Clear-up begins.

Westonbirt Arboretum- image: Flickr/Gerry Fox (CC BY 2.0)
Westonbirt Arboretum- image: Flickr/Gerry Fox (CC BY 2.0)

Be prepared - Will we have gale-force winds and lashing rain, early snowfall or perhaps low autumnal sunshine by day and frost overnight? Make sure that you are registered to receive alerts for you area. Visit the Met Office website and sign up - it's free and will give you some warning of weather events heading your way. Plan work lists to be flexible so that the better days can be spent outdoors while some work is retained in the greenhouse, shed or office for the more Arctic-like conditions.

Clear leaves now - Start clearing leaves from lawns and grassed areas as soon as volumes amass, and certainly before the snow falls, so that the risk and incidence of disease can be reduced. Leaves can be collected while mowing on drier days, but remember to adjust the cutting height so the grass is left longer as light levels fall.

Fallen fruits - To limit the spread of pests and diseases, collect any fallen fruits from fruit gardens - though a scattering of apples on a spare piece of ground away from orchard areas will provide a tasty meal for blackbirds and thrushes.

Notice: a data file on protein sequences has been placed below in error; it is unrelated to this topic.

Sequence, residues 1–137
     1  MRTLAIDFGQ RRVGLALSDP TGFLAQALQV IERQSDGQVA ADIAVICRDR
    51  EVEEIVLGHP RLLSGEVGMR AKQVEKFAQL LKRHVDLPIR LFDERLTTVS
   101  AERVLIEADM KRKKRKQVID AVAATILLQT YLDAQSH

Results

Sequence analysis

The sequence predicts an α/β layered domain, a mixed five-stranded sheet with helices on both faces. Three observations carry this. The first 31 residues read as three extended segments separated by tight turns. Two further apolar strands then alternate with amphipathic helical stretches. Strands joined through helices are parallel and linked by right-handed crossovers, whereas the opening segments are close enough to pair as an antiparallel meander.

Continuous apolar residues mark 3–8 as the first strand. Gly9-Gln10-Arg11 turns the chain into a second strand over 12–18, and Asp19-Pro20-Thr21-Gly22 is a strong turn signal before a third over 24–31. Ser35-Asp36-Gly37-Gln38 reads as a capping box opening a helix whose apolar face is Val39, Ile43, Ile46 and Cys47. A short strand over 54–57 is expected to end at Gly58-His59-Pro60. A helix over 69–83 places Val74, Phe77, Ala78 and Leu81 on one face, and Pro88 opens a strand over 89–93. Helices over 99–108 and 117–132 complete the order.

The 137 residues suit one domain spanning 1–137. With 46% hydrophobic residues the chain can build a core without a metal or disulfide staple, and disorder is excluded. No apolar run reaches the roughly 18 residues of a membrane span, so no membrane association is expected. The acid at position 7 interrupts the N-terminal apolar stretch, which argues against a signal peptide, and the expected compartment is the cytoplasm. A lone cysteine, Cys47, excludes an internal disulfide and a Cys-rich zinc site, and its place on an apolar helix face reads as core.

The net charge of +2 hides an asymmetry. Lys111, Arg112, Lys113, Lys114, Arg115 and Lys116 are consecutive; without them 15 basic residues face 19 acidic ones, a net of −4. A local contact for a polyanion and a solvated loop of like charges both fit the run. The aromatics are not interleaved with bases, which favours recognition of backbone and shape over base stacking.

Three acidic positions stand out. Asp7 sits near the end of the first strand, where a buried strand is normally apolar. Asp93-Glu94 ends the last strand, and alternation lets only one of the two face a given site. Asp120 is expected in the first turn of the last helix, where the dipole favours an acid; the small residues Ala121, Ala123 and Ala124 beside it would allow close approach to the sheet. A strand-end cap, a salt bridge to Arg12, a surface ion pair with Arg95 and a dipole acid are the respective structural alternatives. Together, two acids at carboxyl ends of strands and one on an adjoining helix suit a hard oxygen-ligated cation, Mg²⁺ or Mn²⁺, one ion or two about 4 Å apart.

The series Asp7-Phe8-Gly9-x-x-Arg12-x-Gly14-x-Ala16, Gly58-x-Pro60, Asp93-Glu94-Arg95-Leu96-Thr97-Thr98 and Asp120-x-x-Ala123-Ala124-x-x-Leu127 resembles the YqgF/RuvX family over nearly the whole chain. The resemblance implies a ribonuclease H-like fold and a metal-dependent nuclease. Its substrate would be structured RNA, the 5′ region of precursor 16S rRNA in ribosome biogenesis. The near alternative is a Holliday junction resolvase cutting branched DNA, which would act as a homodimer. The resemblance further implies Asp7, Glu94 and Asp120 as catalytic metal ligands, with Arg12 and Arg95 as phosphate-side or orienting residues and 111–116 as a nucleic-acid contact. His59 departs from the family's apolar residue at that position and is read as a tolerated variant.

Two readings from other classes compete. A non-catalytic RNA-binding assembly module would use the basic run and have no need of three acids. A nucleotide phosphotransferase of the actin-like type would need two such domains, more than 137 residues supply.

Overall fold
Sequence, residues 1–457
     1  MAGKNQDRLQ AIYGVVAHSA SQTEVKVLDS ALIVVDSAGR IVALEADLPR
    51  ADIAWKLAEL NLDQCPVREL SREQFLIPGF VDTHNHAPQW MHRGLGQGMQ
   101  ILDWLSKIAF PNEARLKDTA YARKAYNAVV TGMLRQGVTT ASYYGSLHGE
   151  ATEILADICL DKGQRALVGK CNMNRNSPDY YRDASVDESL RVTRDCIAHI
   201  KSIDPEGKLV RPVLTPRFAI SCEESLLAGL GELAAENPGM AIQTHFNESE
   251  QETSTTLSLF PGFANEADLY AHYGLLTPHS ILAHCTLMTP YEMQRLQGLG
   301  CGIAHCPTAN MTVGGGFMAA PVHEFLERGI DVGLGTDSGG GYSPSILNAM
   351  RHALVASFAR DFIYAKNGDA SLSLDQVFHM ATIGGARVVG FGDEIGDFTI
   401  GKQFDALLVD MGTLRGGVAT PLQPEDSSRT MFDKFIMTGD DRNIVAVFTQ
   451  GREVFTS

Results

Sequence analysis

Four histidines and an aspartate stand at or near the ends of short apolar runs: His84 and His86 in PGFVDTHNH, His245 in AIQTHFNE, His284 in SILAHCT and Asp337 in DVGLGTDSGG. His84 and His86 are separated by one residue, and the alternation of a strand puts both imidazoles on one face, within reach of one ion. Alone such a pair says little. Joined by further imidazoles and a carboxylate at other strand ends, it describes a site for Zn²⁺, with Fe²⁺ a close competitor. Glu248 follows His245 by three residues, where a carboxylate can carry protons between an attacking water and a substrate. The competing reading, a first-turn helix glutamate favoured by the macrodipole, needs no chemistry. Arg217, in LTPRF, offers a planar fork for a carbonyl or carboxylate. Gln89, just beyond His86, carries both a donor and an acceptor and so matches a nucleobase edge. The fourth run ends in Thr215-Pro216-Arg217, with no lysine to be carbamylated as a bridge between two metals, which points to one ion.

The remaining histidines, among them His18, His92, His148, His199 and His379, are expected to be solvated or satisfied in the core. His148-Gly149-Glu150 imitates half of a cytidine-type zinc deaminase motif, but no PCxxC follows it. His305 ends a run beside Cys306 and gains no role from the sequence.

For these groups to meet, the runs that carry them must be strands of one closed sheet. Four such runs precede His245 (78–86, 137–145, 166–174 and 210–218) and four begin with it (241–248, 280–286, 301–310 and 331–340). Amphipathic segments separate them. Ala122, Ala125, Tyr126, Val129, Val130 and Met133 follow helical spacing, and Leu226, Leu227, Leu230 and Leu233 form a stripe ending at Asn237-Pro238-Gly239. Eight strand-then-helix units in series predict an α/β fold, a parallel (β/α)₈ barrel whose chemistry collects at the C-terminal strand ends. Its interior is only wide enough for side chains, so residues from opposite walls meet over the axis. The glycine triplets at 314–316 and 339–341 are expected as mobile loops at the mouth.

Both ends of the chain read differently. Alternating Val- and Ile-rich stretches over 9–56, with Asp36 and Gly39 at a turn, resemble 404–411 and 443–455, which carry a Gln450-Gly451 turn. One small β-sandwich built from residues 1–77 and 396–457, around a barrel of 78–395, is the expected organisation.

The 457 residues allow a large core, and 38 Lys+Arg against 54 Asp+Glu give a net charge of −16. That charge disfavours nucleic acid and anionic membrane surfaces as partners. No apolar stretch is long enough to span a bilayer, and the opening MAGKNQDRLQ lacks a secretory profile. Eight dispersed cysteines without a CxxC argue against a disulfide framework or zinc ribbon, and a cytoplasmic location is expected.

Lift the mowing height - Ornamental lawns can be cut at around 12mm from now on, although really fine lawns can be cut a little lower, say 10mm. General lawns are best left around 18mm and less formal amenity grass can be left at 45mm to 50mm.

Irrigation equipment - As night-time temperatures start to fall it is important to drain down irrigation systems and empty hose pipes that are not required over the winter period. Check insulation on outdoor taps and on pipework in cooler greenhouses and conservatories.

Greenhouse & conservatory - Heat when necessary but remember that good air circulation is also essential. Take every opportunity to ventilate greenhouses and conservatories when weather and temperature permit. Water indoor plants and displays more carefully.

Autumn colours - Make the most of autumn colour with events such as photography competitions or watercolour days. If your estate is short on vibrant colour at this time of year, visit neighbouring gardens, estates and parks, and note species putting on spectacular displays.

Winter displays - It will soon be time to deck the halls and all that. Start labelling suitable shrubs, especially the holly, and other plants that are likely to provide the material for Christmas decorations.

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